"We want to remain in dialogue with our members; we want to have to ask them for contributions and have to make an effort to convince them to invest in the work of the church," says Hörsting.
This commitment is reflected in the attendance of church services, he adds. "If a parish consists of 300 members, then all 300 members usually attend church services."
Importance of sub-groups
The bigger the parishes are, the more important it is to form smaller sub-groups, says Hörsting. These, for example, can be small home groups of around a dozen people people who meet to study the Bible and pray together. He says that groups like these can strengthen personal faith and enhance the quality of community life.
Jürgen Moltmann agrees that home groups could also help the big, state churches find new members - and keep them. Evangelization, he adds, is "not a dictatorship, but an invitation."
Moltmann has spent time in South Korea learning about the small home churches there. "Germany's churches tend to have quite a strong clergy, but their weak point is missionary work," he concludes. "What we were able to learn from the Korean churches is that parishes should become more active in missionary work and in inviting people to church. However, that invitation should not come from missionaries but by church members."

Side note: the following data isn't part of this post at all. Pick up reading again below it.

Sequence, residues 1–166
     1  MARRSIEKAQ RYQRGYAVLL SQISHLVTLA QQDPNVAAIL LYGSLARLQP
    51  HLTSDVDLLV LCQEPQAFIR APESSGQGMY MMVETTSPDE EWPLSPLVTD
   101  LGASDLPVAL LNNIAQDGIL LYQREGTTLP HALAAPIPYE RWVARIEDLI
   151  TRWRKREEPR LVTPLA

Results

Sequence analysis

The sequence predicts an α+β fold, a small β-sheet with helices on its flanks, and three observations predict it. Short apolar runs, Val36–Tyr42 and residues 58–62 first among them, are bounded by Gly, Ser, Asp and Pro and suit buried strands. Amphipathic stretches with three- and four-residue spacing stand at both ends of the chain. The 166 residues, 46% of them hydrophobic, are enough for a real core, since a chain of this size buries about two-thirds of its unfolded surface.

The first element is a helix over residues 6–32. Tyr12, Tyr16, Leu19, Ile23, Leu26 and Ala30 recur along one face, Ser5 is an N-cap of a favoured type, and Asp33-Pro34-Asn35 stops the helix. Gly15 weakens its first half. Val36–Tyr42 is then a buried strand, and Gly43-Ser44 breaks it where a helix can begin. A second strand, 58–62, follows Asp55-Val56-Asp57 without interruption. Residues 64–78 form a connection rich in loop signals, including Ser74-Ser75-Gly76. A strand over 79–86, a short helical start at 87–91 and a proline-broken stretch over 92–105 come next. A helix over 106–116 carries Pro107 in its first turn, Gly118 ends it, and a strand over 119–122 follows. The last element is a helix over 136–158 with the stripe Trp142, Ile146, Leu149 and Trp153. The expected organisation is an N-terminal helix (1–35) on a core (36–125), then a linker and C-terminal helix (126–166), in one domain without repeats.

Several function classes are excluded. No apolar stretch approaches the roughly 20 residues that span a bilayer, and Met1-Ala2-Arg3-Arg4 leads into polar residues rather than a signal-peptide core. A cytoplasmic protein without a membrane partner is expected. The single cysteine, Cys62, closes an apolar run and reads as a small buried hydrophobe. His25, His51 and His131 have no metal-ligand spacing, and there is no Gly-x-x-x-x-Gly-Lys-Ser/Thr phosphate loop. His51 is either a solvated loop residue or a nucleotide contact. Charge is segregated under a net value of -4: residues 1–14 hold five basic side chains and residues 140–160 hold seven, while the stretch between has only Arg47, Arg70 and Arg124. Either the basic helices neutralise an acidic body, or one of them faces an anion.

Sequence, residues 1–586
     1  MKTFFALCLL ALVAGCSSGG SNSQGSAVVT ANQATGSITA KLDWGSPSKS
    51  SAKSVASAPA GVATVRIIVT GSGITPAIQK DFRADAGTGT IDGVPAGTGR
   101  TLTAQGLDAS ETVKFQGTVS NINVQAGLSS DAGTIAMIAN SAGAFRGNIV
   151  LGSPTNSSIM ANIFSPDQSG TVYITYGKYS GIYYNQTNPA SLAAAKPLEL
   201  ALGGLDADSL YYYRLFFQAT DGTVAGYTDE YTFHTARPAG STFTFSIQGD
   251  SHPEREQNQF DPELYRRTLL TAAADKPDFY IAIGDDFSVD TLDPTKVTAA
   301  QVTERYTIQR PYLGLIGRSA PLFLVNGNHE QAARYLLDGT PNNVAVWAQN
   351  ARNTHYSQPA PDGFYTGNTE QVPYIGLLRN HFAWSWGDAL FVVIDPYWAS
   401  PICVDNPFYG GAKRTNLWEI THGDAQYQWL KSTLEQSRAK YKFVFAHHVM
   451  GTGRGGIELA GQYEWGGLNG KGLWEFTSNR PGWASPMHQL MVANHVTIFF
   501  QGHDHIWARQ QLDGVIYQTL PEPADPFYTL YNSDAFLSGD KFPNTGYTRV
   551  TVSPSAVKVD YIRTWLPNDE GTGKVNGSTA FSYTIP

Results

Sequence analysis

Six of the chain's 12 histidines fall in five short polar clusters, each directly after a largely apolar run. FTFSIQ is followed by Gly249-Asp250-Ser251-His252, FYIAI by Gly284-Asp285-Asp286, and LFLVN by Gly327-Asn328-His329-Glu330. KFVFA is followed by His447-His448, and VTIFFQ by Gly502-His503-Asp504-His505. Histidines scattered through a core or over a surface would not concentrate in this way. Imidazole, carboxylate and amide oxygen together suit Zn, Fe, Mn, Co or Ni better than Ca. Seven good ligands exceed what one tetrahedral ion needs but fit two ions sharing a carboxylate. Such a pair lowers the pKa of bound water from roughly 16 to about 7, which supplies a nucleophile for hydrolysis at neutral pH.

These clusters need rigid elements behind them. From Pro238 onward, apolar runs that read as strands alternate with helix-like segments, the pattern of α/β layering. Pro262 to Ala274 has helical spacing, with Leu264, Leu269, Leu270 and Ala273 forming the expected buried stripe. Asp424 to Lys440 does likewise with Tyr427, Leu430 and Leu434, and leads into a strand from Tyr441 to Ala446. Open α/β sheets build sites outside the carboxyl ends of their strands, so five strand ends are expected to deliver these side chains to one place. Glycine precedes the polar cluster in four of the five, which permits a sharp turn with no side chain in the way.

Moltmann would even go a step further. "These home groups could even take over some of the functions of church services," like helping people understand Biblical texts and ministering when members have special needs.
Restructuring churches from below
Mission, growth and change - in achieving these goals, Moltmann sees the local parishes as more relevant that the church hierarchies. And that's nothing new: Back in the 19th century, he says, churches carried out their missionary work not from above but through private organizations and communities. "I hope to see in the future that Christian communities and projects are once again founded through private initiatives."
Germany's non-state-affiliated churches are already working along these lines. So far, they have not suffered the dramatic decrease in attendance that the state churches have - and yet, not all of these free churches are growing.
On average, membership numbers for the free churches that are part of the VEF are stagnating, reports VEF-President Hörsting. On the other hand, numerous free churches not associated with the VEF are growing: in particular, charismatic Pentecostal communities; Mennonite communities made up of ethnic Germans from Russia; and small, independent home churches made up of no more than a dozen.
Moltmann speculates that it will take at least half a century for the state-affiliated churches to adopt some of the free-church principles. But, he adds, that "the story of God has always been full of surprises. Those who don't dare to hope for what seems impossible will never encounter it."